Historically, when couples in Atlanta divorced, women were very concerned that the end of a marriage would mean poverty. And back in the day, that concern was likely valid: women made far less than men, if they worked outside of the home at all. A divorce would mean that they were cut off from that source of income and they would be forced to get a job, possibly for the first time ever. It was this situation that led to the creation of alimony.

While alimony in Atlanta and Georgia has historically been associated with women, 37 percent of married mothers earn more than their husbands and it is not really clear how many married childless women make more than their husbands. This means that there are many men in Atlanta who are eligible for alimony, yet if the statistics for Atlanta are the same as the rest of the country, only 3 percent of men are receiving alimony.

Why won’t men ask for alimony? There are some people within the family law field who say that men feel emasculated by asking for alimony, in part because it goes against the tradition of alimony and because they already felt bad for making less than their wives. Although this may just be a deep-seeded sexist view of relationships, there are still many men who would rather be scraping by than receive a monthly allowance from a former wife.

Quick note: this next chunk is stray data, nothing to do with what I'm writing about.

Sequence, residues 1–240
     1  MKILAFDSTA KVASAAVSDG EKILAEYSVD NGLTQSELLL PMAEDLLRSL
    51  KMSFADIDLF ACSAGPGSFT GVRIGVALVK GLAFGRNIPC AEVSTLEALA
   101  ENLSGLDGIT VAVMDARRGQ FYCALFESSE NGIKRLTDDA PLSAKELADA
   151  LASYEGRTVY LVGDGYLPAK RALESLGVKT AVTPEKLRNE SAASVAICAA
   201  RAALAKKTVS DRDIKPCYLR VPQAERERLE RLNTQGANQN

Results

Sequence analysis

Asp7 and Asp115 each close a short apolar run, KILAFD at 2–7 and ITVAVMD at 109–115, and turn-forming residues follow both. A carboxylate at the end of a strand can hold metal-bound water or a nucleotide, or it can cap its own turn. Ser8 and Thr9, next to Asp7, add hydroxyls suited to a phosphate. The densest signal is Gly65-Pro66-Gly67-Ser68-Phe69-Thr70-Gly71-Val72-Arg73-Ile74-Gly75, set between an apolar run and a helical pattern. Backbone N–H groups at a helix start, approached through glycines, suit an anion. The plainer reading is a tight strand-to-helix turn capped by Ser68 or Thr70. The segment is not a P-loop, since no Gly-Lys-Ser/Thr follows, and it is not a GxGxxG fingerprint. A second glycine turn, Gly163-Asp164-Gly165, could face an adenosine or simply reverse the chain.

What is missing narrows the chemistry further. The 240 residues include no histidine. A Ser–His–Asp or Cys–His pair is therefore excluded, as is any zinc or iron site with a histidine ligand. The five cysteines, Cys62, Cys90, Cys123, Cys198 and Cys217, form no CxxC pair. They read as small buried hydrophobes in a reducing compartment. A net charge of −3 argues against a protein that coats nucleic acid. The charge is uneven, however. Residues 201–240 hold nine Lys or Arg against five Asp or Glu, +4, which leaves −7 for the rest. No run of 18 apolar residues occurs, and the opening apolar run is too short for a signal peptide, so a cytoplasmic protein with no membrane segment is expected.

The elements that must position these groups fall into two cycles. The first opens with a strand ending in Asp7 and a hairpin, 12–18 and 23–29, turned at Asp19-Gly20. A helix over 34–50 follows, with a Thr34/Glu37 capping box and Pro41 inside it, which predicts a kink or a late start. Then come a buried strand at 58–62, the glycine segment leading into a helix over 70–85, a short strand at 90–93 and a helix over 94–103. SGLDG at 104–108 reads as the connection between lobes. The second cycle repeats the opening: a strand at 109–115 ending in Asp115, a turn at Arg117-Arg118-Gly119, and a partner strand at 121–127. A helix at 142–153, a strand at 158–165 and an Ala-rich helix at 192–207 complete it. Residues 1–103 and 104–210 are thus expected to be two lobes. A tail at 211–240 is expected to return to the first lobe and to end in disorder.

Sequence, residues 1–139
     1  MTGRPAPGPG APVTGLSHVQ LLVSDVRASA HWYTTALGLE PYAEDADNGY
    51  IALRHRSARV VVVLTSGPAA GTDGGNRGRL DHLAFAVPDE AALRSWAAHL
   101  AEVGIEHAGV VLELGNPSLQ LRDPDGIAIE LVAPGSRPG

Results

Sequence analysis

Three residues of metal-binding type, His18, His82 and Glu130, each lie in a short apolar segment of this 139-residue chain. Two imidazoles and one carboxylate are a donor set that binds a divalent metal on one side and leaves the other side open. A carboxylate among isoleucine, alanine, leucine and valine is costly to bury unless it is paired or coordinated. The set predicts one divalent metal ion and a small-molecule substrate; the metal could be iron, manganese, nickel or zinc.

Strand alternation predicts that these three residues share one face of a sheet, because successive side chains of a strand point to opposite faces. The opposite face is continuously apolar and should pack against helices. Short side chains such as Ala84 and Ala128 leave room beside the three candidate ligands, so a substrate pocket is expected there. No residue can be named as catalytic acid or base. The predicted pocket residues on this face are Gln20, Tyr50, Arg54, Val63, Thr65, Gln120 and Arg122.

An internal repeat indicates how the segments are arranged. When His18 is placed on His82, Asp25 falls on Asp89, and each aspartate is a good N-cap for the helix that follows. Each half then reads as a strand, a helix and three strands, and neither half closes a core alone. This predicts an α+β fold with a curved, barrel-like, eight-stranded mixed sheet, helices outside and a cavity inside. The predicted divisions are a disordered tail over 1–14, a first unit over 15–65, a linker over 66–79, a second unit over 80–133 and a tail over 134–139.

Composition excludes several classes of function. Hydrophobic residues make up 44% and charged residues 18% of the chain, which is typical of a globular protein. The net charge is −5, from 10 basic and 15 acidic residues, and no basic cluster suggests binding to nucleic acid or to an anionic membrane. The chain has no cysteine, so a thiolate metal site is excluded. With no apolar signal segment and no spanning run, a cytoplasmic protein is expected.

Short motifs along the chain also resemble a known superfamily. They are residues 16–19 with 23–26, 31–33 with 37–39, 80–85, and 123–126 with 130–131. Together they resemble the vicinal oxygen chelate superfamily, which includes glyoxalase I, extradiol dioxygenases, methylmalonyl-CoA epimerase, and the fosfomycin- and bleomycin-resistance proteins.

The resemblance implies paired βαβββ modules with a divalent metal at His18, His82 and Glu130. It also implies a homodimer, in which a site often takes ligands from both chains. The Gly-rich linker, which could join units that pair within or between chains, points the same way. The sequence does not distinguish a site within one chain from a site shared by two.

For those men who do choose to file for alimony in Georgia, they must make sure they are working with an experienced family law attorney because there are still many judges before whom it is difficult for men to ask for alimony. Some judges are immediately suspicious when men request alimony, as they think that men are merely seeking revenge against an ex-wife.

Source: Source: Huffington Post, “Why Don’t More Men Ask for Alimony?” Joseph E. Cordell, June 26, 2013